A bond, debenture or preferred share which may be exchanged for common shares usually of the same company, at a set price and usually by a set date. A forced conversion clause may be used by a company to force an exchange if the value of its common shares goes above the value of the conversion ratio or conversion price. Most convertible bonds trade on a listed exchange such as the TSE.
Corporate Bond
These are debt instruments companies issue that are considered financial obligations of a corporation. Generally, corporate bonds are broken down into four sectors: industrial, financial, transportation, and utility. They can be issued in both callable and non-callable formats.
This is the portion of the bond that provides the holder an interest payment at a pre-determined rate. Coupons are the amount of interest that will be paid on annual basis. Most bonds, however, pay interest semi-annually.
Coupon Frequency
Most bonds pay interest on a semi-annual basis. For example, a holder of 10000 face of a 6.50% Government of Canada bond maturing 1 June 2004 would receive $650.00 interest annually (10000 * 6.50%). The interest would be broken down into two $325.00 payments; one on June 1st and the other on December 1st. Some bonds pay interest on a monthly basis and others, such as Eurobonds, pay interest annually.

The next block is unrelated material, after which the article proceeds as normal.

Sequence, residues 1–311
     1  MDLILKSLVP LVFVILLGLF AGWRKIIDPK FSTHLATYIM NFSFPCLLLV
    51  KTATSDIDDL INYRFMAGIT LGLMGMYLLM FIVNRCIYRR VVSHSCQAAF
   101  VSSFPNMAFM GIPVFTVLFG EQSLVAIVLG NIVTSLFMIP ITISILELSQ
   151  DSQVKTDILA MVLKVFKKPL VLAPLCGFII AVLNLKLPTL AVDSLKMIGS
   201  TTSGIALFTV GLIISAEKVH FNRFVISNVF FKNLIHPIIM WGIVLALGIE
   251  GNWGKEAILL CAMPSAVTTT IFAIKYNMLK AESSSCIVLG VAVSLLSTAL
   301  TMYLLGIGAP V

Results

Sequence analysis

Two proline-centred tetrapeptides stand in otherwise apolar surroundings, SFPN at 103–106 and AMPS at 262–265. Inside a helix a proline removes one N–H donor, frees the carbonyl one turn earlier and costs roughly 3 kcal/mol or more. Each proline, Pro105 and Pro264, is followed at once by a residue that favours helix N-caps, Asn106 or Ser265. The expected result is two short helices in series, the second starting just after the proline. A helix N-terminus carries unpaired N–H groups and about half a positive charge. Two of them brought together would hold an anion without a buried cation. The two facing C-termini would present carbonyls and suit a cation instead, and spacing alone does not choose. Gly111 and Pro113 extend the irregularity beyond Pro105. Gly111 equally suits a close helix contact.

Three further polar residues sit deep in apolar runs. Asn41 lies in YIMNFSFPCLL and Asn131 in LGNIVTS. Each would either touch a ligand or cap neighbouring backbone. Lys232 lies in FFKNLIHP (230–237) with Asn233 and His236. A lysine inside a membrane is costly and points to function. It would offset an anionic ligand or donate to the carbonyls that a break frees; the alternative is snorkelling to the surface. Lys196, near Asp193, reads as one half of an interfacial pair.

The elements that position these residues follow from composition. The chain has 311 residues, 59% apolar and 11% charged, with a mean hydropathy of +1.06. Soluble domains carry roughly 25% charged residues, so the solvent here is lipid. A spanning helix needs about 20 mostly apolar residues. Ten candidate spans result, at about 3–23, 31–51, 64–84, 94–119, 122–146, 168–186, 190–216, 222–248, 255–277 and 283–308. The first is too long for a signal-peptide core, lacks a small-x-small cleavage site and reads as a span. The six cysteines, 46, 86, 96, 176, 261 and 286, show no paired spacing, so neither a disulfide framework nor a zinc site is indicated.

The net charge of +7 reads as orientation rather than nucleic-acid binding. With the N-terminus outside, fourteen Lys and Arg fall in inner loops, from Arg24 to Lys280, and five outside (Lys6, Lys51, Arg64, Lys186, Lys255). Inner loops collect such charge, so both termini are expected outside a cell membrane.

Current Yield
A crude measure of an investor's return on a bond calculated by dividing the annual interest on the bond by the market price. It does not take into account any capital gain or loss. For example, a bond with a 10% coupon bought at discount of $80.00 has a current yield of 12.5% (10%/800 per 1000 face).
The 9-digit alpha-numeric ID assigned to securities including bonds by the Committee on Uniform Security Identification Procedures. It was established as a uniform method of identifying securities.
An individual or firm acting as a principal rather than a broker or agent. An individual or entity, such as a securities firm, that acts as a principal and stands ready to buy and sell for its own account. A dealer buys and sells securities and holds inventory.
Indebtedness of a government or corporation that is backed strictly by the general credit of the issuer. Unlike a bond, no assets are pledged against a debenture. In practice, the terms bonds and debentures are often used interchangeably.
A term used when a company breaks the terms of an agreement. For example, a company who fails to make a scheduled bond interest payment is said to be in default.